This week brought big news for fans of both coffee and cryptocurrencies. According to reports, a leading financial company has said that it will begin testing a consumer app for bitcoin purchases of coffee from a well-known international coffee chain. Testing of the app is set to launch in the first half of 2020. In other news, Avalon bitcoin miner maker Canaan filed for a $400 million Initial Public Offering this week. This attempted offering comes after two failed attempts to go public overseas in mainland China and Hong Kong. Chinese media outlets peg Canaan's valuation at between $2 billion and $3 billion. Finally, Binance has begun its rollout of a new payment service allowing international users to buy cryptocurrencies using local fiat. Last week, it added a Nigerian fiat-to-cryptocurrency gateway that allows consumers to enter the market using the Nigerian currency, Niaira.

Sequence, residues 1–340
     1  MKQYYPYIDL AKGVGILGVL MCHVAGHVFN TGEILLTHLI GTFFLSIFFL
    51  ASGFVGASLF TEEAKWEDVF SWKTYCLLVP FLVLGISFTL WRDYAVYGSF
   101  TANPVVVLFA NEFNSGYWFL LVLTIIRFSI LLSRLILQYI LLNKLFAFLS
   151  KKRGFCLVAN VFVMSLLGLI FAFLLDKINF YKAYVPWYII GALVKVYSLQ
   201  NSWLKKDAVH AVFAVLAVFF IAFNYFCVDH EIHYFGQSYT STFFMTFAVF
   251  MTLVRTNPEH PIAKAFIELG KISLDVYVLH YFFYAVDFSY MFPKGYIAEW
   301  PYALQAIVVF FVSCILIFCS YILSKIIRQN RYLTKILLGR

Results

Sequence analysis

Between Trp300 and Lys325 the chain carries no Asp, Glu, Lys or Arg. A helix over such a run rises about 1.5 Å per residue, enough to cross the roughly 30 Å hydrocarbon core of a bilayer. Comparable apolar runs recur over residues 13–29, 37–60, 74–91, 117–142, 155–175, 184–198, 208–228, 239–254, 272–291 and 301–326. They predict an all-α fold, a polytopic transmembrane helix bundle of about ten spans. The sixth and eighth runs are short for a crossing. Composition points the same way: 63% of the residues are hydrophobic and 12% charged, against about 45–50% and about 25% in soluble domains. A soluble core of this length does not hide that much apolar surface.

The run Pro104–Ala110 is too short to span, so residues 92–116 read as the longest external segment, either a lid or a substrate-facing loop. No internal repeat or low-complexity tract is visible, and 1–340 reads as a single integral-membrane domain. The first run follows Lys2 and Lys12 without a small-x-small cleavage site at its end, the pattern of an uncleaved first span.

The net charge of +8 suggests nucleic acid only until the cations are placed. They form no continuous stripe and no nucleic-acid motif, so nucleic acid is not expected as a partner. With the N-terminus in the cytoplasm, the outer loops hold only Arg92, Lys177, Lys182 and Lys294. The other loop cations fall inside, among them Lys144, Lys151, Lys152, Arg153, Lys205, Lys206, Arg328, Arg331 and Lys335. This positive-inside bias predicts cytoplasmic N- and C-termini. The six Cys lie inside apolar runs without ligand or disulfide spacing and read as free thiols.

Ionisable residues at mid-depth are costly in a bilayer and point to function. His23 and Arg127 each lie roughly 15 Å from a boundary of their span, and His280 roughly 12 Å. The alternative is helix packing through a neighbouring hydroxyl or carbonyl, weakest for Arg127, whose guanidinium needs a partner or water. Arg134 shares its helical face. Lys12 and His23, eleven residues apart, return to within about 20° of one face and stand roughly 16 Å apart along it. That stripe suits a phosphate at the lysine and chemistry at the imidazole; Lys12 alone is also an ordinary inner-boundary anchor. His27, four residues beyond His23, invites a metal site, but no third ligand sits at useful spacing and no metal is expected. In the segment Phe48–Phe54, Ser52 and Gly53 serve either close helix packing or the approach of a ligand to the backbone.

Yet as cryptocurrency markets continue to develop, so do cyberthreats. Cryptocurrency-related crime is on the rise in South Africa, according to digital wallet provider Paxful. According to Paxful, there has also been a 64% increase in cryptocurrency trades occurring in Africa this month compared to October 2018. Meanwhile, the number of Americans who own cryptocurrencies has doubled since 2018, according to an Australia-based financial services company. According to a recent survey it conducted, an estimated 36.5 million people currently hold some form of cryptocurrency. The survey indicates the average cryptocurrency holder owns approximately $5,500 worth of digital currencies, but the median amount hovers at only $360. The survey also found that daily bitcoin transactions now amount to $9.6 billion per day, a figure that surpasses PayPal's yearly transaction volume ($578 billion in 2018) in just two months. The survey found that since Bitcoin's inception in 2009, $11 trillion in wealth has been transferred within the network.

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